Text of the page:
Vino Jeyapalan is the CEO and Founder of Kabo Fresh Dog Food. ‍Kabo has delivered over 160,000+ human-grade, gently cooked fresh dog food Canada wide through contactless delivery. Vino started his career at Facebook in 2012 developing their ecommerce channel with brands, such as Procter & Gamble and Shopify. In 2016, he was awarded Top 30 Under 30 by Marketing Magazine for his work growing the direct-to-consumer channel at Facebook and Instagram.

5 Strategies to Pivot your Business

Written by: Victoria Marshman

What does this latest buzzword “pivot” actually mean? And how the heck can you pivot your business in such an uncertain time?

I wanted to do some digging myself as the word Pivot in my world is a jazz dance move (check-out a pivot turn if you want to learn a new dance move while you’re here).

According to the Founder’s Institute, pivoting in the startup world means to shift to a new strategy, often drastically changing several objectives and plans for the business.

But, what does “pivoting” aka a strategy shift look like during a pandemic? There’s no denying that every entrepreneur is in survival mode right now – figuring out this new way of living AND trying to keep their businesses alive. In the mentality of trying to swim, and not sink, I wanted to share strategies that have kept us afloat through the pandemic. A little more on us, in case this is the first time we’re meeting.
Photo by Ryan Emberley

We started City MOGULS in 2016 as a fundraising event to celebrate entrepreneurs, now known as The MOGUL Awards. Events are our roots and how we live out our mission: to connect and motivate entrepreneurs to inspire the great leaders.

In 2020, we launched two brand, new events, Talk The Walk and The MOGUL Retreat. Like many businesses, all the hard work and plans we had in place came crumbling down. My optimistic self was hopeful the first two weeks of social distancing, but my realistic self knew that the reality was this: our 2020 line-up of events might not happen in-person this year.

Knowing this, and that we still had an incredible community of entrepreneurs to support, here’s 5 strategies we used (and are still using) to pivot our business:

1. Act – FAST

ACT NOT REACT. Although my soul was going through an emotional rollercoaster, I knew the importance of acting fast, and doing everything I could to help our community get through this time.

We shifted the brand’s focus, like most businesses, to providing opportunities for the community digitally:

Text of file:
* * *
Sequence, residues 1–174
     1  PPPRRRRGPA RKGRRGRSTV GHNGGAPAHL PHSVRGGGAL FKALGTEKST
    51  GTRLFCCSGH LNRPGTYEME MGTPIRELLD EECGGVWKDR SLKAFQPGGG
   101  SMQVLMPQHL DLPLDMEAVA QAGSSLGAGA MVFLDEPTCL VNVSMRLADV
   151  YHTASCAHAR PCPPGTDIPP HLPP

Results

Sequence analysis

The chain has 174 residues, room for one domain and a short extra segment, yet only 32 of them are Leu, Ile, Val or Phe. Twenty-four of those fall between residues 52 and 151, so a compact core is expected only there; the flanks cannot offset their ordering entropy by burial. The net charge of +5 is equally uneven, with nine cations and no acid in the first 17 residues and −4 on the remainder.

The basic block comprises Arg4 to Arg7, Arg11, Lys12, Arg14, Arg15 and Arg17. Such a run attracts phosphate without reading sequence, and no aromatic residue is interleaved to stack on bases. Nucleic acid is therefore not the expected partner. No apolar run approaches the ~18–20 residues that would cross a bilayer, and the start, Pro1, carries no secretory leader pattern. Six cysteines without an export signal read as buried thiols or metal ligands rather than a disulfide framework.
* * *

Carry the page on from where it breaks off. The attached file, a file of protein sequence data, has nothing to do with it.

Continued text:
• We expedited programs we were planning on doing later in the year, and converted them to a digital experience (check-out MOGUL Crews)
  • We provided free resources and ways for entrepreneurs to share what they were going through and any valuable information they had
  • I reached out to connect with community members that I know would be hit hard by the pandemic and offered any help I could

2. Be Honest with your Stakeholders

In one of our recent webinars, Michael Hyatt said, “This is not business as usual, this is war.” What is currently happening is completely out of our control – EVERYONE is struggling in some way. Keeping an open line of communication with your staff, stakeholders, investors and suppliers has never been so important. Empathize with what everyone else is going through and keep your awareness that we’re all in the same boat.

3. Ask for Help

As we like to say here at City MOGULS, your network is your net worth. Now is the time to call the favours and ask those around you for help.

Here’s an exercise we have been doing in our weekly sessions during MOGUL Crews.


Person 1 – I need advice on e-commerce platforms

Person 2 – You have a similar business model to mine, how are you strategizing to get through this time?

Person 3 – Can you connect me to your friend X who does X

Reach out to each of those people right now and follow-up with them in a few days if you don’t hear from them.

Tap into your existing resources. People are very open to sharing advice and supporting each other right now, and have the time to help. Remember, the fear of asking for what you want, results in not getting what you want.

4. Share what you do with the Community

You are amazing at what you do. Do not forget that. And sharing your skills/advice with others could literally save lives and businesses. Think about what you can offer to the community and how you can help others. Maybe it’s a free hour of training in your expertise. A free webinar where you can teach others a skill you have that could help them.

These selfless acts of generosity are what you (and your business) will be remembered for when this is all over.

5. Educate (and take care of) Yourself 🙂

And I don’t mean watching the news or binging on Tiger King to “educate” yourself on bobcats. Use the spare time you have to level up your skills and work on a skill that could help you as your business pivots. I’ve been focusing on mastering SEO through an online course on Udemy (if you found this blog on Google then I must have learnt something). My Co-Founder Dani Kagan has been working on her video editing skills, and we are both taking a Storytelling for Presenting course with Talk Boutique.

Often for entrepreneurs, self-care falls to the bottom of the to-do list. How are you supposed to help and support those around you if you aren’t feeling good? Set-up and stick to your self-care routines – it’s one thing you CAN control in your life right now. I’m a member of the 5 AM Club (worth a read if you struggle to find time in your day for YOU) but self care looks a little different for everyone.